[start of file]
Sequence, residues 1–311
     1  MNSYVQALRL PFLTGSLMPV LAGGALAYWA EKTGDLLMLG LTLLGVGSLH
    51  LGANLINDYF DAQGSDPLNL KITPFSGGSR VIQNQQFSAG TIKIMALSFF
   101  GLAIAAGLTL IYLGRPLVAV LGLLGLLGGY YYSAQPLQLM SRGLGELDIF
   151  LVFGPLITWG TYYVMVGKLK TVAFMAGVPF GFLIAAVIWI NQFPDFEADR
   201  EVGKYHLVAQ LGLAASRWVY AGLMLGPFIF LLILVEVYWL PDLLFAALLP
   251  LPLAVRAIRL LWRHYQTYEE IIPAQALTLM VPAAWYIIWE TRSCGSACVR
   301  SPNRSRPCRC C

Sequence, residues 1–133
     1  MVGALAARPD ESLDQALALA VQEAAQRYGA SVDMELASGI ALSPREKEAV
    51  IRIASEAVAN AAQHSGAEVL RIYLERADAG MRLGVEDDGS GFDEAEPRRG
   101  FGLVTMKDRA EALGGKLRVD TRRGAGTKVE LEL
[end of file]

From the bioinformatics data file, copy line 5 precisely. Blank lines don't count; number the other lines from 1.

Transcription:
   151  LVFGPLITWG TYYVMVGKLK TVAFMAGVPF GFLIAAVIWI NQFPDFEADR